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Fig 2. BORIS subfamily 6 expression in lung cancer clinical specimens.

BORIS sf6 expression in several lung cancer tissue specimens was examined by RT-PCR. RNAs of tumor cells and non-tumor cells were extracted from formalin-fixed paraffin-embedded (FFPE) samples. GAPDH was used as an internal positive control.

https://doi.org/10.1371/journal.pone.0171460.g002

To confirm the protein expression of BORIS sf6 in lung cancer tissues, BORIS sf6 specific polyclonal antibody was established. Specificity of the antibody was confirmed by Western blot (S1 Fig). A total of 52 lung cancer tissues were immunohistochemically stained and BORIS sf6 specific staining was observed in nucleus (Fig 3A and S2 Fig). BORIS sf6low cases and BORIS sf6high cases were divided at 30% positivity. BORIS sf6 expression rate was not related to patient’s age and histological subtypes; however, it was related to clinical stages and BORIS sf6high cases were significantly higher in advanced cases (Stage III and Stage IV) (Table 1). Furthermore, BORIS sf6high cases were related to poorer prognosis than that in BORIS sf6low cases (Fig 3B).

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Fig 3. BORIS sf6 protein expression in lung cancer tissues.

(A) Representative images of BORIS sf6low and BORIS sf6high case. Original magnification is 100 x. (B) Kaplan-Meier survival estimates were performed according to immunohistochemistry positivity of BORIS sf6. The median survival times of the BORIS sf6high group (n = 9) and BORIS sf6low group (n = 43) were 26 weeks and 209 weeks, respectively. The log-rank test revealed a significantly worse prognosis for BORIS sf6high cases (P = 0.0481). The hazard ratio of BORIS sf6low cases was 0.4355 (95% confidence interval: 0.1062–0.9906).

https://doi.org/10.1371/journal.pone.0171460.g003

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Table 1. Expression of BORIS sf6 and characteristics of lung cancer patients.

https://doi.org/10.1371/journal.pone.0171460.t001

Detection of BORIS sf6 peptide-specific CTL response in HLA-A2-positive donors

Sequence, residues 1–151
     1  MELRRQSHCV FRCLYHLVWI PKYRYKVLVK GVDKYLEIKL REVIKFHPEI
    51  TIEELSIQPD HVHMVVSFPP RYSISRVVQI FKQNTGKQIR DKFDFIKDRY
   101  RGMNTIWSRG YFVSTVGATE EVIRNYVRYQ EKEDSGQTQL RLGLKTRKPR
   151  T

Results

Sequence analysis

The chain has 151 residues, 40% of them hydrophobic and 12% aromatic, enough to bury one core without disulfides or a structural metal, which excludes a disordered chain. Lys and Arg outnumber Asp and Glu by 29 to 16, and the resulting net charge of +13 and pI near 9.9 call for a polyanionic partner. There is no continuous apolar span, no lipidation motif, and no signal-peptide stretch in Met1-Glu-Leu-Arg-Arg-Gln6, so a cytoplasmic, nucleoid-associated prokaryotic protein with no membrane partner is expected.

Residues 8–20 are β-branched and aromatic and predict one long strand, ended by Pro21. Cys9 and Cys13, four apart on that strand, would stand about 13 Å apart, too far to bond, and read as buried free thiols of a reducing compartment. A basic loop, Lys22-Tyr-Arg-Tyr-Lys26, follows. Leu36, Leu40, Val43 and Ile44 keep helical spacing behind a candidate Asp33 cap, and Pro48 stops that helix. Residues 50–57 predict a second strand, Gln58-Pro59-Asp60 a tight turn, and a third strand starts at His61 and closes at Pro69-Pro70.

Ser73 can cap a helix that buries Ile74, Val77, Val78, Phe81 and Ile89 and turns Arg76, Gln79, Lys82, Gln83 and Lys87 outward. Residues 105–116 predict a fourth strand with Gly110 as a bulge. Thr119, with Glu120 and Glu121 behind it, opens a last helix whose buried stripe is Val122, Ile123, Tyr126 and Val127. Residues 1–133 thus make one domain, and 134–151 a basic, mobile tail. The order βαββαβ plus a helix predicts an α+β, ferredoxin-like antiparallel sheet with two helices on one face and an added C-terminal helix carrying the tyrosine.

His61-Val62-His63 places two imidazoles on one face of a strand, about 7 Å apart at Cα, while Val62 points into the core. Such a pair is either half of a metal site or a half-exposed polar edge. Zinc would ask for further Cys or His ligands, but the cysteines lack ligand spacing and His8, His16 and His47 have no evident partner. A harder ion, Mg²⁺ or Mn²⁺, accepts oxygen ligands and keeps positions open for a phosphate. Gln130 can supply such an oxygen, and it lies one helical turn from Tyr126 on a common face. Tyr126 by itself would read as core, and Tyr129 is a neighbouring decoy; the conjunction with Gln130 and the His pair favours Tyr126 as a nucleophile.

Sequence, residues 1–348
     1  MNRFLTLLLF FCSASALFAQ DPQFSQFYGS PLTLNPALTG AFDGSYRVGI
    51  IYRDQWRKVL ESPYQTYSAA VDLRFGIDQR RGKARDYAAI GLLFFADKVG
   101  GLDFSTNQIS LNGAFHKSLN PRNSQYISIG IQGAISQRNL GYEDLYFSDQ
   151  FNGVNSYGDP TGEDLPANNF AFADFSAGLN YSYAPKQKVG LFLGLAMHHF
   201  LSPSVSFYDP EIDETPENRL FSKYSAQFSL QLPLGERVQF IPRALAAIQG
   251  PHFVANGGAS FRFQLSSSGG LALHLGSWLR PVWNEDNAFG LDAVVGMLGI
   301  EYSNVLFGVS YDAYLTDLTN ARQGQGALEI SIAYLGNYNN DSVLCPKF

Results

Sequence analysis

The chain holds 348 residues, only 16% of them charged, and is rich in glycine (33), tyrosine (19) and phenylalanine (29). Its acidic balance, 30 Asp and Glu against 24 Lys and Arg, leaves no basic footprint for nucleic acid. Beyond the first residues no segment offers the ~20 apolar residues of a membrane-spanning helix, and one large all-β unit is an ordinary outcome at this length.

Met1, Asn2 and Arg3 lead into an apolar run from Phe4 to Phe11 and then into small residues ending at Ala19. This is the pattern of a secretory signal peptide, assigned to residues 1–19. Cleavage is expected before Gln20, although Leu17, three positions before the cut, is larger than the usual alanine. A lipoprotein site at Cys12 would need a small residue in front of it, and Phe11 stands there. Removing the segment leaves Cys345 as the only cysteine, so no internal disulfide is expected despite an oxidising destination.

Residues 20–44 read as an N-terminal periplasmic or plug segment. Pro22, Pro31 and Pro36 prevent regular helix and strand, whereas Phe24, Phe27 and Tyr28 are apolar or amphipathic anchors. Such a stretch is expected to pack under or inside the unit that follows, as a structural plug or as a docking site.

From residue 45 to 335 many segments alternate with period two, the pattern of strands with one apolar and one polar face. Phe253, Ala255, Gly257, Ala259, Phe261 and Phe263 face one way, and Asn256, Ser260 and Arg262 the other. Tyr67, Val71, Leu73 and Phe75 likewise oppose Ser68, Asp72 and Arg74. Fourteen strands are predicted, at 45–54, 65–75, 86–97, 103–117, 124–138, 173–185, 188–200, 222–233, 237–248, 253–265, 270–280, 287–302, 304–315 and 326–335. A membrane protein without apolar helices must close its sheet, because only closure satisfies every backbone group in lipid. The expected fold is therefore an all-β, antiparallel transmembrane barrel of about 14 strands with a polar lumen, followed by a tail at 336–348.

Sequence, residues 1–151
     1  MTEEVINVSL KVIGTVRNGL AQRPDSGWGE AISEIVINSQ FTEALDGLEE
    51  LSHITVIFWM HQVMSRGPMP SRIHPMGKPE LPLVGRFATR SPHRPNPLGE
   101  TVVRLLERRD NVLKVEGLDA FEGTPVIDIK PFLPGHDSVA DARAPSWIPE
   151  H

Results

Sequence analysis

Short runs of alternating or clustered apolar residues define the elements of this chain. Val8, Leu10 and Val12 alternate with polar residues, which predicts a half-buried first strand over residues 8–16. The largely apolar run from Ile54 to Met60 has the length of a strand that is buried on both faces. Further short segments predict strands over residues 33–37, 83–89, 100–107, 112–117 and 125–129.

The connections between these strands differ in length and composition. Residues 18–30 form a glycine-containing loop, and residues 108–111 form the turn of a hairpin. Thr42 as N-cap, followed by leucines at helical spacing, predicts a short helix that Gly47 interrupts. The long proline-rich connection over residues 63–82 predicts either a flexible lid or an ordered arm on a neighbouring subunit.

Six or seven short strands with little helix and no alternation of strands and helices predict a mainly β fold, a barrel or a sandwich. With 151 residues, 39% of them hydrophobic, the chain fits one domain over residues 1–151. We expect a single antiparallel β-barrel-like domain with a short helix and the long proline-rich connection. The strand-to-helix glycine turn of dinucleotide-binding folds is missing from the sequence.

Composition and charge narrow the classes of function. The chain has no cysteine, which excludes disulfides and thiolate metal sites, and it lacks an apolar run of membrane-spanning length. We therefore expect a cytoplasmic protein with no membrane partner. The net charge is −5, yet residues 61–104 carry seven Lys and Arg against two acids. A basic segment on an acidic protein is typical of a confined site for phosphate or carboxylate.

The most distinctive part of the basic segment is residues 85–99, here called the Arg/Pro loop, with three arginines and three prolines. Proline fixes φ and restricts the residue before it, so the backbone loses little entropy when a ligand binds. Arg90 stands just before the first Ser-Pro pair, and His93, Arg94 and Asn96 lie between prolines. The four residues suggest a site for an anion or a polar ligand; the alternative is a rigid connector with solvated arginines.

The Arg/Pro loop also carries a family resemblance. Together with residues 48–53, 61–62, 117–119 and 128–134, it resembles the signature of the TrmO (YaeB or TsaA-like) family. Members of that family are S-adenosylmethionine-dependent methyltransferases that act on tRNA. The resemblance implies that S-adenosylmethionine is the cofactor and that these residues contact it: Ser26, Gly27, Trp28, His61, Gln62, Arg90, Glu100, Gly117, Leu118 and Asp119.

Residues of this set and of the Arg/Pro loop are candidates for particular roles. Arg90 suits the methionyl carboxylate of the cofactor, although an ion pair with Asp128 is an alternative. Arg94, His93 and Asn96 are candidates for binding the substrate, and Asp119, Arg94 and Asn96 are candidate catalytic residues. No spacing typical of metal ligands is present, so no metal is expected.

We previously identified the antigenic peptide BORIS C34_24(9), an HLA-A2 restricted antigenic peptide derived from a BORIS sf6-specific amino acid sequence [27]. In this study, we confirmed the antigenicity of BORIS C34_24(9) by several HLA-A2-positive healthy donors’ PBMCs. PBMCs of three HLA-A*0201-positive healthy donors were stimulated by BORIS C34_24(9) peptide, and the specific reactivity was evaluated by the IFN-γ ELISpot assay and tetramer assay. BORIS C34_24(9) peptide-specific IFN-γ secretion was detected in from PBMCs of all of the three donors (Fig 4). A PE-conjugated BORIS C34_24(9) peptide/HLA-A*0201 tetramer and FITC-labeled anti-CD8 antibody double-staining was performed. A BORIS C34_24(9) peptide-specific population was detected in PBMCs from donor A, and the ratio of tetramer-positive cells was 1.23% (Fig 3). To further analyze the BORIS C34_24(9) peptide-specific CTLs, single cell sorting of the tetramer-positive population was performed to establish BORIS C34_24(9) peptide-specific CTL clones.

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Fig 4. Induction of BORIS subfamily 6-specific CTLs and establishment of a CTL clone.

BORIS subfamily 6 peptide-specific cytotoxic T cell (CTL) induction was evaluated by the interferon (IFN)-γ enzyme-linked immunospot (ELISPOT) assay. HLA-A*0201-positive PBMCs were obtained from four healthy donors. Donors A, B and C were HLA-*A0201-positive. Fluorescence-activated cell sorting (FACS) was performed with PE-conjugated BORIS subfamily 6 peptide/HLA-A*0201 tetramer and anti-CD8-FITC antibody. Double positive cells were single-cell sorted to establish a CTL clone (total 960 well). Twelve wells showed cell growth and 8 wells were analyzed by tetramer for specificity.

https://doi.org/10.1371/journal.pone.0171460.g004

BORIS sf6 peptide-specific CTL clones recognize HLA-A2-positive and BORIS sf6-positive lung carcinoma cells